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But his association with Monty Python, the "Monty Python Flying Circus," created his cultural base.

Monty Python Theatrical Group: From left: John O'Clese, Terry Gilliam, Terry Ones, Graham Jepman, Michael Palin, and Eric Adle.
Monty Python Theatrical Group: From left: John O'Clese, Terry Gilliam, Terry Ones, Graham Jepman, Michael Palin, and Eric Adle. PBS © Python (Monty) Pictures Ltd:

The six-member troupe, with others by Cleon Clive, Michael Palin, Eric Idle, Graham Jepman and indecent American animator Terry Gilliam – appeared on BBC-TV for the first time in 1969 and had a wonderful five-year run in England. The broadcast was exported to American Public Television in 1974 and turned into the privilege of the Python books and record films and the mini industry.

Reunion shows of reunion competitions took place, stumbling across fans who screamed all the lines. The episode reached Broadway in 2005 with the film Spamalot, based on the 1975 Monty Python and Holy Grail movie, which was a collection of Arthur legends. Spamalot, directed by Mike Nichols and Idle, won the Tony Award for Best Musical and played in New York for four years.

Python has influenced many comedians, including Steve Martin, as well as the creators of the animated sitcoms The Simpsons and South Park. "Junk email is called spam, paying tribute to one of the best-remembered sketches in the group. , presenting Mr. J Jones as a waitress who keeps a load of canned meat in every dish.

Python was often at its best when it made the most sense. Fishing dancer, salesman who was selling dead parrots, a cross-dressing stick singing (Mr. J Jones co-founded Diet, The Rough Man) and a civil servant who endorsed state grants for endless walks.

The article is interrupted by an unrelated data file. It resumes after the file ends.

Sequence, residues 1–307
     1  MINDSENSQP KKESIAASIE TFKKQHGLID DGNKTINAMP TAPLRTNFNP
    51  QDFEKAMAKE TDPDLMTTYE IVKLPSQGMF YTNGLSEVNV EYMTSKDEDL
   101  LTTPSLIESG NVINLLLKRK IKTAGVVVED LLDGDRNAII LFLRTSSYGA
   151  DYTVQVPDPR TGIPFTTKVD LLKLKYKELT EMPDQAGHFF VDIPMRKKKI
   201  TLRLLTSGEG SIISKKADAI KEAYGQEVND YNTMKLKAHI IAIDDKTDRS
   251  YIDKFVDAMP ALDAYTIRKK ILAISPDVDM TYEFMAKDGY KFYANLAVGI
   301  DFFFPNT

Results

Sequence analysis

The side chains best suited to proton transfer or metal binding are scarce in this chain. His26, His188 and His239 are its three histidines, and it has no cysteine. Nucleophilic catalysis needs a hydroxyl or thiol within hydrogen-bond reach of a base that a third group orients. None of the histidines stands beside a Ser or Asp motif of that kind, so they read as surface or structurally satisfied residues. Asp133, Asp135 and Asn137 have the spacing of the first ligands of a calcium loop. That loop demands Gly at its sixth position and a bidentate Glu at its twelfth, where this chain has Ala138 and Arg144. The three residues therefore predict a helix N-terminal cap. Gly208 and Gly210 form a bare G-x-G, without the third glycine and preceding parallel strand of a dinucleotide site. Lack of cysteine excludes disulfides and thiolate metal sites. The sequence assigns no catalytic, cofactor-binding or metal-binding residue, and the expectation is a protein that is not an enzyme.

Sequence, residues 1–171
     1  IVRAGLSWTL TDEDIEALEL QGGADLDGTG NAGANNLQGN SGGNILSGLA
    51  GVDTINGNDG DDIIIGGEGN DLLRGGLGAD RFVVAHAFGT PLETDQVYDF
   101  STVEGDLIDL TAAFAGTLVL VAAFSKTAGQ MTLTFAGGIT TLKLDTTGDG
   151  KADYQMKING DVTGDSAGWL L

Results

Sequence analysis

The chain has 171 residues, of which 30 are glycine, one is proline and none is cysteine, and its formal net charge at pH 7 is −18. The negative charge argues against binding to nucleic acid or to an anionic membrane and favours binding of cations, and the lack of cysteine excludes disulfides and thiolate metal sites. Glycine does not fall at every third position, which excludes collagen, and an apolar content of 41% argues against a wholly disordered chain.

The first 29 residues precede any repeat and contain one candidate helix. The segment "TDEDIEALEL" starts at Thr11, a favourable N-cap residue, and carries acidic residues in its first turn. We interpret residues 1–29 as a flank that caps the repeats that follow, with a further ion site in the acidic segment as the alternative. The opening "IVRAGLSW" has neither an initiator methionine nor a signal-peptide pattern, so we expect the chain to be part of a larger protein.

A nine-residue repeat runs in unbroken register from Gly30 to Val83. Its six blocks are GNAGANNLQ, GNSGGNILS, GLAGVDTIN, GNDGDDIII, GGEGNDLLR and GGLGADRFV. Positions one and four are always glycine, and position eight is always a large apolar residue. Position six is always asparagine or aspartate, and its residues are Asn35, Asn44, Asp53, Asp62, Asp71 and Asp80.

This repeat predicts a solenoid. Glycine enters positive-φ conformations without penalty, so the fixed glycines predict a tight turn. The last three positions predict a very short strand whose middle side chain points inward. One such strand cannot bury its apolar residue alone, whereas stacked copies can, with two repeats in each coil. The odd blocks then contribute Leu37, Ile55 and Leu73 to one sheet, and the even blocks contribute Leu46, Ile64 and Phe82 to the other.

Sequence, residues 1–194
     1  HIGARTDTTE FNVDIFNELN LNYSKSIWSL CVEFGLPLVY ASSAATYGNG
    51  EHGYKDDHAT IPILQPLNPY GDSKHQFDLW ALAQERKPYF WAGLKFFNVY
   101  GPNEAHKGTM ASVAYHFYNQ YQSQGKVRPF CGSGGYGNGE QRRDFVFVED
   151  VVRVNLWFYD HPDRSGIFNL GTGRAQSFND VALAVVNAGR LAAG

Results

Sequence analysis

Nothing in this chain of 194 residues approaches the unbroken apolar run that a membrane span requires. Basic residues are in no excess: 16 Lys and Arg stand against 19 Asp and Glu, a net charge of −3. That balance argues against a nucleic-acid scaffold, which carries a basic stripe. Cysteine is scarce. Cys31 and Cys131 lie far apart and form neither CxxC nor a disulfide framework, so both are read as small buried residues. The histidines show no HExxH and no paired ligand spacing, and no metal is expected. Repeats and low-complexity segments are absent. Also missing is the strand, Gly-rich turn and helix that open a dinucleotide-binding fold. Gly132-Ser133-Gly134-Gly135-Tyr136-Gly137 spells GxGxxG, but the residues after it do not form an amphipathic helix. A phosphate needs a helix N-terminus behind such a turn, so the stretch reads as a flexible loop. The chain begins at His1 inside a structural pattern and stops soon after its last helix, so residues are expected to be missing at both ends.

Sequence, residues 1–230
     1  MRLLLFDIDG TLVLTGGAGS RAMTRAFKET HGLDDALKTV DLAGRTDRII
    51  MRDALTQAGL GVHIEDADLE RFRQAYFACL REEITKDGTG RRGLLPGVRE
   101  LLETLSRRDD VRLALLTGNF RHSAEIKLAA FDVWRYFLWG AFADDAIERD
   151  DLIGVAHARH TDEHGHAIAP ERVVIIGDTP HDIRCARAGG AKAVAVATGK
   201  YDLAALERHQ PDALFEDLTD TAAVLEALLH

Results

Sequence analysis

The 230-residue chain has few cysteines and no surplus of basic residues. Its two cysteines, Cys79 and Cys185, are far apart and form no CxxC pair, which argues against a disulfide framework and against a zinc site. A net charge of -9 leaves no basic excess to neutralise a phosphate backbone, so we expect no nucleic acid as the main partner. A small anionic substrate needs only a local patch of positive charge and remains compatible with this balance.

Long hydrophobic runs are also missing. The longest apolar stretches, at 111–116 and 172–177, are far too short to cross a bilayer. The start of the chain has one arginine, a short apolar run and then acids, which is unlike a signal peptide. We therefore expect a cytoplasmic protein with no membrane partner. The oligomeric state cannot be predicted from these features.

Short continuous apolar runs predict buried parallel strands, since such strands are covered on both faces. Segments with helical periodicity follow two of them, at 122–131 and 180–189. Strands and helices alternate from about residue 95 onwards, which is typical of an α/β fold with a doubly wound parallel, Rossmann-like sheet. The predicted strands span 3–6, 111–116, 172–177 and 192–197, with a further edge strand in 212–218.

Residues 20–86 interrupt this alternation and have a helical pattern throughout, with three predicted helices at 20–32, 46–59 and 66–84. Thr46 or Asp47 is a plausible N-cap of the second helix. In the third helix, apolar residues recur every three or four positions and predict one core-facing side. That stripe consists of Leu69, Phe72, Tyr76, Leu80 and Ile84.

Combining rapid-fire vocabulary, historical Japan, middle-class soil pollution and the destruction of upper-class twins, Monty Python "took the insanity to rebirth levels," says television and pop culture scientist Robert Thompson.

Mr. J Jones brought a lot of devotion to his characters. These included the naked organist, Carl Mark as a lucky quiz show contest, the Spanish Inquisition balloon helping to torment the victims with a tranquil chair, as well as the creepy inn-nudge, snap, grin-grin, wink-wink, don't say it anymore ").

Often caught up in the scourge, Mr. Jones was developing a feature to describe how "average gray women" are.

"Cross-dressing seems to be a long-standing tradition of Python," wrote Philip Vukcevic at IGN 2018, "but when it does ones ons, most of its pigment makes it the most horrible sheath in the whole country. »:

One of her most notable female roles was in Python's "Life of Brian" (1979).

The biblical romp and satire of religious zealotry, directed by Mr. Jons and produced by the former Beatle George lamb Harrison, was about a young Jewish man (Chapman) who was born the same day and in the stable next to Jesus, and who is mistaken. For the Messiah. Mr. Horse portrays Bryan's mother, who is upset that her son's followers have gathered at her door. "He is not the Messiah," he says with a splash. "He's a very naughty boy."